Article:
Sr. Mary Surin became one of the pillars of the MSMHC. The eldest daughter of Martin Surin and Martha Surin, Mary Surin was born on 25 December 1925, at Borheli village in Tezpur. She was affectionately called ‘Maryolin’. She studied in the boarding school the Salesian Sisters in Guwahati. It was there that she heard the Lord calling her to follow Him. She made her desire known to the boarding assistant and to the superior after her elementary studies. The response was not very encouraging. Maryolin refused to go home for holidays. On being asked her reasons for not going home by Fr. Attilio Colussi she told him that she wished to join a Religious Congregation. Having found her to be a beautiful soul ready to follow Christ Bishop Ferrando accepted her to be one of the pioneers of the newfound congregation. She pronounced her first vows in 1944 and became Sr. Mary Surin. She spent her life in the various mission stations of North East India and experienced the hardships and difficulties of the growing Congregation. They had nothing and lacked even the basic necessities of life but joy never left them.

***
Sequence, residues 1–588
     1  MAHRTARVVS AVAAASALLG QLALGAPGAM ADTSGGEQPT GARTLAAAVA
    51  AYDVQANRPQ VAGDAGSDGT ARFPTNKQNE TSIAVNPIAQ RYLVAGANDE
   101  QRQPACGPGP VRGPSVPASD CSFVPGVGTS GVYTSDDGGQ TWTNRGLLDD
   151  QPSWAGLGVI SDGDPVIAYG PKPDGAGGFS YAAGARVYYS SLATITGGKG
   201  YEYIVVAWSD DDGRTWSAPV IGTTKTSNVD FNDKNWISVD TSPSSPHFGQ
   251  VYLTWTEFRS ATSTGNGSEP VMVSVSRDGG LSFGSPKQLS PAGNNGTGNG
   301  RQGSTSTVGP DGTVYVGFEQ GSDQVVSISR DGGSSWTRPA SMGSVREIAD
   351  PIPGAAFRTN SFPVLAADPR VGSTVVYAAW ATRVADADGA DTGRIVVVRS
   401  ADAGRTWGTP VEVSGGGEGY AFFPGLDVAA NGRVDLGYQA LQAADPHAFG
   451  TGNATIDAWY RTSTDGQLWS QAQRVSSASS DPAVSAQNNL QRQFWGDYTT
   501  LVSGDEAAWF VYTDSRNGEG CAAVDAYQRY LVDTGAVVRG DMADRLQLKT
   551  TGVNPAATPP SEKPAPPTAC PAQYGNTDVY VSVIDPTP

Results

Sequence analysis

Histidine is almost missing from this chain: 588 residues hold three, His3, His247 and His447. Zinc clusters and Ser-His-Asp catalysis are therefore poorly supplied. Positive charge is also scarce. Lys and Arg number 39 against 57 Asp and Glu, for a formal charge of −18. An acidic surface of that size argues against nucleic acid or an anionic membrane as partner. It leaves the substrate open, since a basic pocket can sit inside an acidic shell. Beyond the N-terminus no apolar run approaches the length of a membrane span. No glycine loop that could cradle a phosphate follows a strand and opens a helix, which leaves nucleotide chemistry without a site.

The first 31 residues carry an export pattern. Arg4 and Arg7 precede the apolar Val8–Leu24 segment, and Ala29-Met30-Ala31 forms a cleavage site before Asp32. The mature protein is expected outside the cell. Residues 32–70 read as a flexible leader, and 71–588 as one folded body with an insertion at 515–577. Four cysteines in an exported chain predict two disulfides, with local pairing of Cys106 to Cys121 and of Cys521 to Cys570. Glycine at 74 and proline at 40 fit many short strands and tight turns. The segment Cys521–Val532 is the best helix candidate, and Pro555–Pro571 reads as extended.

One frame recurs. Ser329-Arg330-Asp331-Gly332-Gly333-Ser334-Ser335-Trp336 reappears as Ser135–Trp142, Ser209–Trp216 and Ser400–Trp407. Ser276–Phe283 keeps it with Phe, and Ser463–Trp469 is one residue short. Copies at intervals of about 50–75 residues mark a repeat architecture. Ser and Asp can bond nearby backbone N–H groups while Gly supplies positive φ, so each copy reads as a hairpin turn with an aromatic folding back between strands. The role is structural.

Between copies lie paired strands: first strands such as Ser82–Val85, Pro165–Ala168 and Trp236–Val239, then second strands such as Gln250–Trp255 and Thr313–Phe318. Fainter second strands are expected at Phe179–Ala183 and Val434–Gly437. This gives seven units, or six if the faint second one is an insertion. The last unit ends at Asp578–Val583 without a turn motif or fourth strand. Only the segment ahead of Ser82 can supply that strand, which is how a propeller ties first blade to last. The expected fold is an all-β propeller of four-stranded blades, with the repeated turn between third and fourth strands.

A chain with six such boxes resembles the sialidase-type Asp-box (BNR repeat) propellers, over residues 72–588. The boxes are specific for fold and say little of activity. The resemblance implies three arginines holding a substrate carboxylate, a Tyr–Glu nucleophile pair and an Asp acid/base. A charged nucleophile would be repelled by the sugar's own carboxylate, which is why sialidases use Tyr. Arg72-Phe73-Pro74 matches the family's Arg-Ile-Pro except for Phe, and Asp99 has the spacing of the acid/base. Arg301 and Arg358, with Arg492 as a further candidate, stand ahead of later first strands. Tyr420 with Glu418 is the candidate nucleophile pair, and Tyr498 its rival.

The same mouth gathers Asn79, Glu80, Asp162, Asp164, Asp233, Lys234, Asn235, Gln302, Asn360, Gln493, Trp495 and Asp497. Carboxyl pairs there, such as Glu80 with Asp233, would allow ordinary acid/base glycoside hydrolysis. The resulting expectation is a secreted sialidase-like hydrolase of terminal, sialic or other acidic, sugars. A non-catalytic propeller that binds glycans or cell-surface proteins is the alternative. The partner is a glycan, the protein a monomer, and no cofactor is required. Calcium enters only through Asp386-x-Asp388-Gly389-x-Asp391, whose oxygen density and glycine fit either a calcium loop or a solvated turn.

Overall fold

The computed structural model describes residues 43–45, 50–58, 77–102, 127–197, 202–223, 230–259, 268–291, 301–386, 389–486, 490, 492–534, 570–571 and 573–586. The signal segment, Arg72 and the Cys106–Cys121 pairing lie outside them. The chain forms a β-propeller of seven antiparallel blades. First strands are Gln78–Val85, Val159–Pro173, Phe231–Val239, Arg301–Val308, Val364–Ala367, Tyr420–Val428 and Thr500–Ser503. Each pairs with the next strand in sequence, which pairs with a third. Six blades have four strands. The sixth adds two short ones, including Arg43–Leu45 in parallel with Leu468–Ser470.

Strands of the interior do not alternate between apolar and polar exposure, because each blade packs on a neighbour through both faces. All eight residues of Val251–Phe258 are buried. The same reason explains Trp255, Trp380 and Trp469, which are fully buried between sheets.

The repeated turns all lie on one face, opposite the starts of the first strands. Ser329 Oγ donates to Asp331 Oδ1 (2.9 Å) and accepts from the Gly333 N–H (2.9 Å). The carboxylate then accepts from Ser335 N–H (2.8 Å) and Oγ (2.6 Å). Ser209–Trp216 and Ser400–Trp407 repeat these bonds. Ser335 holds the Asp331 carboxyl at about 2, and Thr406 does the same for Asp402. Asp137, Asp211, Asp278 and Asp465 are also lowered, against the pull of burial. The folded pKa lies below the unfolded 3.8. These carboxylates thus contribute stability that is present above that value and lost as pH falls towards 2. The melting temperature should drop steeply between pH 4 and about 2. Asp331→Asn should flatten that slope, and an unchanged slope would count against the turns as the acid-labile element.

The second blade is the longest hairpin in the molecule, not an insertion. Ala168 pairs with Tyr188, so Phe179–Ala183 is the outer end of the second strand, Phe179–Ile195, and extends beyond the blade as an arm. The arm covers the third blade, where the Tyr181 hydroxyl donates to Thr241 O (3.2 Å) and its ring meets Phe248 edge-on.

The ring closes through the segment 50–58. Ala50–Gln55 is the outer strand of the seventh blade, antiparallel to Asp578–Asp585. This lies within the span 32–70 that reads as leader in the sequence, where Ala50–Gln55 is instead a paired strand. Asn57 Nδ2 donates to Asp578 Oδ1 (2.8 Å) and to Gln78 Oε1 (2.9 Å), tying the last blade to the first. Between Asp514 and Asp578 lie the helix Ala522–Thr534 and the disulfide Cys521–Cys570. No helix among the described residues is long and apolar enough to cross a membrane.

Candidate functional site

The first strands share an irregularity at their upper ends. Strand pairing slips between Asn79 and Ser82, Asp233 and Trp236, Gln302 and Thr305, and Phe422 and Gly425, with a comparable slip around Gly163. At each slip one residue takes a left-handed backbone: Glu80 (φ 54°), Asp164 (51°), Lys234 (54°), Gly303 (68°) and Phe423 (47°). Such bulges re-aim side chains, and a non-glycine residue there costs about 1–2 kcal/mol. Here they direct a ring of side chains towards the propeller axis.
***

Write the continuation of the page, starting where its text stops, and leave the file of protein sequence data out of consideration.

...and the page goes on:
Sr. Mary Surin served the Congregation as a superior, teacher and assistant to the boarders. The missionary spirit in her is revealed when she volunteered to serve the lepers in ‘Molokai Leper Colony’ at Nongpoh in 1970. The lepers found in her an affectionate mother, a caring sister and a saintly religious. The warmest corner of her heart was reserved for the poor and needy. After her transfer in 1975, the people remarked that they have never come across such a zealous missionary.
Sr. Mary Surin suffered from a painful sickness of chyluria. She had to leave Bengtol in the same year of her arrival there in 1976 for treatment in Shillong. She suffered patiently and often told the Sisters who surrounded her that she was offering her pain for the Congregation, for good vocations and for the Church. She died a saintly death on 8 January 1977.
Sr. Veronica Kujur was born on 18 August 1917, in Ujratoli village of Katkahi parish in Ranchi. She was the eldest daughter of Francis Kujur and Anna Xalxo. Her parents migrated to Assam and settled down in Tezpur. She spent her time looking after the younger ones at home while her parents were at work in the fields. The catechist noticed this smart little girl and with the consent of her parents took her to the boarding school of the Salesian Sisters of Guwahati. She was good at studies and without much difficulty procured a teaching post after the completion of her primary education.